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Lee County

Larry Hummel

Larry Hummel of Dixon has been farming with his brother since 1975 in the corner of Lee, Ogle, and Whiteside counties. They raise corn, soybeans, and a little wheat.


Harvest began in earnest here in Lee County. Wednesday’s rain slowed things down a bit, but combines started to roll again by Thursday afternoon. We were still on the sidelines as we got our new combine ready to roll after it finally showed up last Friday. A little bit of corn has come out, but everyone is concentrating on soybeans for now. Yields I have heard so far have ranged from 50 on up into the 70s. Those do not sound like record-breaking yields to me, but might be enough to get us above average.


A few combines have started to roll here in Lee County. I haven’t heard too many hard numbers yet, but everyone seems to be happy with the yields - not excited but happy. If Illinois is to reach the USDA estimate of 214 bushels per acre for corn, there had better be a lot more people excited about yields and not just happy. We should have some soybeans ready to go in the next day or two. Hope I’m excited once the yield monitor starts to tally the numbers.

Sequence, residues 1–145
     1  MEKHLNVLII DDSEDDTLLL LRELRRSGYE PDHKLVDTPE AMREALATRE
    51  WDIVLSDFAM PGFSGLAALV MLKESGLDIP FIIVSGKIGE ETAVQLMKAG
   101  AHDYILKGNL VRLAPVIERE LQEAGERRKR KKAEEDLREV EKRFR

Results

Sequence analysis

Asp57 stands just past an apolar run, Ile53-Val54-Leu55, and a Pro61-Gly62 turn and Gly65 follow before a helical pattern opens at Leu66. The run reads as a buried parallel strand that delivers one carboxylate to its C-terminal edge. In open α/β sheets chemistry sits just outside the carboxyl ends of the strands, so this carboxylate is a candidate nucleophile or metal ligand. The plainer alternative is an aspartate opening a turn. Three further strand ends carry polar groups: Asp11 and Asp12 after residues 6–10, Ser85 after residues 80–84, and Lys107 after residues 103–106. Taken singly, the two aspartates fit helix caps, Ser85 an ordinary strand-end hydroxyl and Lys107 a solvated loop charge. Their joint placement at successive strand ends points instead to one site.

The rainy days seem to just blend together, but I believe the total for the week is a little more than 3 inches. A fairly large area north of us had wind damage a week ago with parts of cornfields laying flat. On top of that, tar spot has killed some fields prematurely. In the worse fields, leaves were completely shut down from photosynthesis, and the plants robbed from the stalks to finish out the ear. Early harvest will be a must in those fields to avoid heavy harvest loss. Soybeans have really laid over from all the heavy rain and wind.


It has been rough watching the grain markets wallowing in what I hope is the basement for this coming crop. But the hidden killer is the basis levels. At the local elevator, soybean basis for September delivery was running a negative dollar under the futures. Putting cash prices in the low to mid $7s. Corn wasn't any better at 53 cents under, that would net you around $2.93. I don't know about you, but that’s disgusting to me. I guess it wouldn't be all that bad if I could average 350-bushel corn and 100-bushel soybeans across the whole farm. Sorry I dozed off a bit and was dreaming.